All in all, France has emerged as a world leader in promoting sustainable practices: The Economist’s Sustainable Tourism Index, which ranks countries based on how they preserve their social, cultural, and environmental capital, recently put France in first place. Meanwhile, according to the Food Sustainability Index, France has maintained its position in first place for food sustainability for the third consecutive year.
If consumers are more and more committed to sustainable development, toys are not their main concern yet
In France, sustainable development is a strongly growing concern and consumers are changing their usage habits. This has even been reinforced with Covid-19 restrictions.
A KidzGlobal research conducted in December 2020 shown that both children and parents are committed towards sustainability. This is perceived as an opportunity to have a positive impact on the planet. As such, the main emotions linked to sustainability for children under 18 years old are interest and desire.
Coming to daily life and how consumers and shoppers are making choices, the impact is becoming stronger and stronger, but unequally across different products categories. FMCG industry and retailers are the most exposed to consumers’ expectations towards sustainability – but also those who offer the most. Organic ingredients and materials, recycled and recycling-friendly packaging, and local production are the main pillars for promoting environment-friendly products.
The growing toy industry (+1% in total value and +1% in average price per toy) is still broadly led by products imported from China (55% vs 37% from the European Union) and not submitted to the compelling set of criteria defined for sustainability compliance.
The low share of sustainable toys and games in the French market is driven by a combination of certain factors: a limited range available on market - with only few manufacturers offering sustainable toys, and prices - sustainable toys being more expensive, due to their local production and more expensive high-quality materials which are not compensated by reduced transportation.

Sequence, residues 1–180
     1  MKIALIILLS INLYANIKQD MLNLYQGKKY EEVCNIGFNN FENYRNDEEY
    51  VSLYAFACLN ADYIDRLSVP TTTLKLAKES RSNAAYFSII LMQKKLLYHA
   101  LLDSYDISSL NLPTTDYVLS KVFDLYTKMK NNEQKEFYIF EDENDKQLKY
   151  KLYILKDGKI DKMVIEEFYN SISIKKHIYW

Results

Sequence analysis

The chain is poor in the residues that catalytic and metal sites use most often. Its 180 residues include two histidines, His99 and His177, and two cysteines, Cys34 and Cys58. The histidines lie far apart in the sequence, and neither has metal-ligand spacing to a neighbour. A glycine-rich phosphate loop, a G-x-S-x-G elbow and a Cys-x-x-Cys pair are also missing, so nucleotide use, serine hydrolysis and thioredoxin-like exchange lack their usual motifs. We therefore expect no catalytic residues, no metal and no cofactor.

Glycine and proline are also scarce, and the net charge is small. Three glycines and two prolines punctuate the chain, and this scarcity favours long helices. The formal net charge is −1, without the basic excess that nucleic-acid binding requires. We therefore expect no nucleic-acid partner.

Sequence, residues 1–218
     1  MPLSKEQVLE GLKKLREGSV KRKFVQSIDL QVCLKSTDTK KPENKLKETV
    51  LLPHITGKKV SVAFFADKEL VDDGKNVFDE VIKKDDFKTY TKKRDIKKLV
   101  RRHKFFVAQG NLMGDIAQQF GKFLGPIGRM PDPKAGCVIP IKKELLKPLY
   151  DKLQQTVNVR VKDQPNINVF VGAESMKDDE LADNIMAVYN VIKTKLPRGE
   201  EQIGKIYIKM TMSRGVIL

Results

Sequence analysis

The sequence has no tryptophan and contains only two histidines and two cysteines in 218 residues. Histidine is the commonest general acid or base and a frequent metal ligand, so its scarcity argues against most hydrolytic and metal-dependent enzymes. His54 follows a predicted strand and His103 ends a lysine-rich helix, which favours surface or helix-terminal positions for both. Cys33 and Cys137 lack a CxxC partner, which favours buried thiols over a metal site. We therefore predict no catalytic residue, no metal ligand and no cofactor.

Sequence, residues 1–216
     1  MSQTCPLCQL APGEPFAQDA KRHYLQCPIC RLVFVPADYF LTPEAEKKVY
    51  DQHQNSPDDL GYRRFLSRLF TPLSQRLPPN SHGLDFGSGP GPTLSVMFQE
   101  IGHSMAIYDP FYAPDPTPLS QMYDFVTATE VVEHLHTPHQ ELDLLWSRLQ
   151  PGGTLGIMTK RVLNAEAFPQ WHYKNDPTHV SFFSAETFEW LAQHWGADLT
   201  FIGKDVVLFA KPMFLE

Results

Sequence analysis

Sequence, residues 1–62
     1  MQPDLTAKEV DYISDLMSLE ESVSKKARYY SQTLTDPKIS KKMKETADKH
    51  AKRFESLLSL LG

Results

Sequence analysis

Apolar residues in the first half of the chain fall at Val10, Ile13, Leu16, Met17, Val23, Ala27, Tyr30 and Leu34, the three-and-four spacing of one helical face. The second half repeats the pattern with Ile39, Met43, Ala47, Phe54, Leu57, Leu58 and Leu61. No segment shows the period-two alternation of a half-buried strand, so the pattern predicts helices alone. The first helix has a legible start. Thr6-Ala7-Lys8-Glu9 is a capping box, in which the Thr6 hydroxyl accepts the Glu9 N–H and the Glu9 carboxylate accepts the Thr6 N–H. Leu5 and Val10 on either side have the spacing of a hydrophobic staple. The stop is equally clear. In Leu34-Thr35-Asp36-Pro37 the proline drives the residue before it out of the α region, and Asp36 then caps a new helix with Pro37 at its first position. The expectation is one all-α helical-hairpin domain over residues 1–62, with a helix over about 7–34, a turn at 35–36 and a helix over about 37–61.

Still according to the KidzGlobal research, this should change in the future, as 74% of French parents declare to be ready to pay more for buying Toys and Games locally made. The effort would go up to a 12% price increase.
France, country of ‘Sophie la Girafe’, the most successful sustainable toy in the world
However, France does have a couple of golden eggs.
The toy capital of the country is located in the Jura mountains and hosts several major manufacturers of sustainable toys. Vilac, JeuJura (1911) and Janod (1970) all offer toys and games made locally from wood out of sustainable forests and natural paint. Their high-quality products are long-lasting and can even been repaired, limiting re-purchases. The main strength of these sustainable toys is that they are timeless and cross-generational: enjoying playing with them is about imagination and interaction.
A second major sustainability trend for toys in France is about the games’ theme itself. More precisely, how to promote sustainability among children by explaining and developing environment-friendly behaviours. Bioviva Editions launched in 1996 and offers products made entirely from recycled and recyclable materials, which are printed with vegetable-based inks. The pawn wood comes from PEFC-certified French forests, and the token bags are made from organic cotton. All the games are made in France and are developed with the goal of creating sustainable habits among players.
But the most famous French player in the market of sustainable toys is definitely Vulli, with ‘Sophie la Girafe’, the well-known 100% natural rubber teething toy, which first came out in 1961 in Paris. Still locally and traditionally produced through a process that involves more than 14 manual operations, the cute wildlife figure has sold over 50 million units around the world. A great example for those who want to explore the sustainable market!